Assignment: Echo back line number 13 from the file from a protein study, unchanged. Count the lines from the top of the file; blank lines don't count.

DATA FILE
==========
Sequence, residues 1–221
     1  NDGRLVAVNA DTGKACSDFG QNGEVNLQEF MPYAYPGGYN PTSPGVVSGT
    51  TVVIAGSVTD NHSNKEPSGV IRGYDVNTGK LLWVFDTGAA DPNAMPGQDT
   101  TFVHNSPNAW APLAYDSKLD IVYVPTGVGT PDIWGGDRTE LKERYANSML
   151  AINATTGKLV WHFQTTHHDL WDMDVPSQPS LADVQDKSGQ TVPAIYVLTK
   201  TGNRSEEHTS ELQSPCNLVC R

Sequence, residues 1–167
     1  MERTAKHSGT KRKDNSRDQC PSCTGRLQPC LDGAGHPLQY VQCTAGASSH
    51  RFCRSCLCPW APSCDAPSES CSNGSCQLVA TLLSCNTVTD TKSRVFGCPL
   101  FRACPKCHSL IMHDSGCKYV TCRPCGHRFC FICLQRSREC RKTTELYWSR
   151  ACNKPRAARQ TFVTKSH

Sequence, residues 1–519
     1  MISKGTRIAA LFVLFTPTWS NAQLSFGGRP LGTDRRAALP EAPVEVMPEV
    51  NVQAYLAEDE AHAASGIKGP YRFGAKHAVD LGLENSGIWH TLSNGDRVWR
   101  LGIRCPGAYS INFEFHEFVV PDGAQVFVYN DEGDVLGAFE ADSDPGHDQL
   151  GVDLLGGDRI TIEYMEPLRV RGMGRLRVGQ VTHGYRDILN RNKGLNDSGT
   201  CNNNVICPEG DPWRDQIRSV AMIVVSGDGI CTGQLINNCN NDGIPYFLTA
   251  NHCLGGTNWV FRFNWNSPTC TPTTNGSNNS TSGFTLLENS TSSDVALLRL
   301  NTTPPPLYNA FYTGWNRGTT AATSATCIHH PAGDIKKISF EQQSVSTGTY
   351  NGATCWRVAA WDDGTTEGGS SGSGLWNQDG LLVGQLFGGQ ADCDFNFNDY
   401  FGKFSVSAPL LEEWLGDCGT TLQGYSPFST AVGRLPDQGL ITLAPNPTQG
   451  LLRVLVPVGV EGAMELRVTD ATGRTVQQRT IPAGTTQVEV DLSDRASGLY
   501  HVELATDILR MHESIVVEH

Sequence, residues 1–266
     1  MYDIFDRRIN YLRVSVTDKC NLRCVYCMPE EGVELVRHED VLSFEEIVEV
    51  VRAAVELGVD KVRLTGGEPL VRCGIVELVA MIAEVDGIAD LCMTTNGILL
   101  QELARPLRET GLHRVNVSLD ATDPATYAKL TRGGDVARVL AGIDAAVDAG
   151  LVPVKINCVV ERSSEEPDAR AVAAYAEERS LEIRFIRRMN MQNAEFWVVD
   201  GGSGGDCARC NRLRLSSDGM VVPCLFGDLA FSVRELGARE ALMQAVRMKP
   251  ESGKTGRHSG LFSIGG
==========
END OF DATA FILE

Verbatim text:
     1  MISKGTRIAA LFVLFTPTWS NAQLSFGGRP LGTDRRAALP EAPVEVMPEV